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Java in a Nutshell
David Flanagan's Java in a Nutshell has quality stamped on its cover and embedded in its acid-free paper. O'Reilly has a reputation for books with terse, accessible writing&emdash;and this book is no exception.
The book has 33 sections, a glossary, and an index. The first three sections introduce Java. The next six sections contain examples of applets, GUIs, I/O, networking, advanced graphics, and threads. The examples get gradually harder within the sections, but not necessarily from section to section. That's it, except for the "Java Language Reference," "API Reference," and "API Cross-Reference," and months of further study. All in all, I like the tone, topics, examples, level of detail, and the layout.
"How Java Differs From C" exhibits the tone of the book. Flanagan minces no words as he pursues packages, CLASSPATH, imports, types, objects, garbage collection, and exceptions from the point of view of a C programmer. Java is more like C than C++, he says.
The FileViewer example views a text file with the file name as a command-line parameter. It worked the first time. I converted FileViewer to an applet by adding an init() method and deleting main(). I converted the command-line parameter to a <PARAM> tag in an HTML file, and added the code to read in the file name as a String. This worked well with the AppletViewer under Windows 95, but the JDK on a Power Mac 6100 (Java Version 1.0b2) quit with a NullPointerException on the line loading the file name.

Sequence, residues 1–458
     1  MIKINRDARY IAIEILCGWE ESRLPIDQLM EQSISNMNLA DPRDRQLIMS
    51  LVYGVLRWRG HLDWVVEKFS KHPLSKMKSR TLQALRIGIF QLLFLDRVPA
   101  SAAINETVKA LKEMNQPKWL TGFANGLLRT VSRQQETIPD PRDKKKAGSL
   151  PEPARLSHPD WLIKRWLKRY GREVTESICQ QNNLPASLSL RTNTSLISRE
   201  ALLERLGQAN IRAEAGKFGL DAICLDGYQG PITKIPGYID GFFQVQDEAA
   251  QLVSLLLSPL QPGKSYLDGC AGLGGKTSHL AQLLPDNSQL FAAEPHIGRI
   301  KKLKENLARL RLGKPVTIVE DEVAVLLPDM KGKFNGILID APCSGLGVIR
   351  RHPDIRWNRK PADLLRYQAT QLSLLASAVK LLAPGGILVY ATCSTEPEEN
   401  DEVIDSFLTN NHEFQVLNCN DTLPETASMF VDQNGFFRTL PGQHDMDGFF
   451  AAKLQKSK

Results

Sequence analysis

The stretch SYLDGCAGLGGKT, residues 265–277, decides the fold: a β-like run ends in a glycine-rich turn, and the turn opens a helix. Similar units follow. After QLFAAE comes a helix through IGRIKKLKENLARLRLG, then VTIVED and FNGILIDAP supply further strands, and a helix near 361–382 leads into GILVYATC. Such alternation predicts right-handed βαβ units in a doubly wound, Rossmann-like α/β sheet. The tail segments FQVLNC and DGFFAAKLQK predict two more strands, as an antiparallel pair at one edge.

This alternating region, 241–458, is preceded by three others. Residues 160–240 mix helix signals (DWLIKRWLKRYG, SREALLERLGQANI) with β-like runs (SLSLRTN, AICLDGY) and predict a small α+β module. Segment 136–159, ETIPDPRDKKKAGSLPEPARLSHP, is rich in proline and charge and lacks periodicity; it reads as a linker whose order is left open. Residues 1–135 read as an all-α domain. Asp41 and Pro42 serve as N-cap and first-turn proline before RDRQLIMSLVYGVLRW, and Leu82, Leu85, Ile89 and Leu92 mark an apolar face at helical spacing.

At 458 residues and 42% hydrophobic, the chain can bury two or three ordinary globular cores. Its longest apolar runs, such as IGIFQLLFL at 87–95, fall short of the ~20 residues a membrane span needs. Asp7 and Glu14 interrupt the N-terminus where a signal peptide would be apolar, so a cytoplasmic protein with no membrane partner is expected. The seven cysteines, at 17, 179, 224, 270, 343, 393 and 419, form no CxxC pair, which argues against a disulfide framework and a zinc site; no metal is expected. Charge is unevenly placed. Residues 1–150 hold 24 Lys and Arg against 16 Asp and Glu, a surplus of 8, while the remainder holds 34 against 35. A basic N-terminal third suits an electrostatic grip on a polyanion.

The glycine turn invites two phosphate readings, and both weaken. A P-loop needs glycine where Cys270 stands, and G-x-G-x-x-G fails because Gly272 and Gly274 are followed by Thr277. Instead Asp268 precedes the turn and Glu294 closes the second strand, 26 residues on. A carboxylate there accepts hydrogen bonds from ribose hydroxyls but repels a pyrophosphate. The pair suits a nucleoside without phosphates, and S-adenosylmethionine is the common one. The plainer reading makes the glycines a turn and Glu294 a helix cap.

The GUI section introduces class InfoDialog, then adds a user response with Yes/No/Cancel buttons. This demonstrates use of a widget and response to events via an action() and answer() method. All the high-quality examples can be downloaded from http://www.ora.com/catalog/javanut.
Java in a Nutshell is well laid out. The examples contain many cross-references, and the tabs on the page ends make locating sections easy. This is a detailed volume, with more in it than I can describe here&emdash;check out the section on Unicode.
There was a glitch in the book in Section 3, page 68, that incorrectly implied that you can overload methods by merely defining a method with a different return type (same name and parameters). After I read about this on the errata sheet on the web page, I looked for it in the other books. (Just Java makes the correct point very clearly, for example.)
I'm sure this book will meet the needs of programmers everywhere who want to get up to speed with Java.--Dr. Dobb's Electronic Review of Computer Books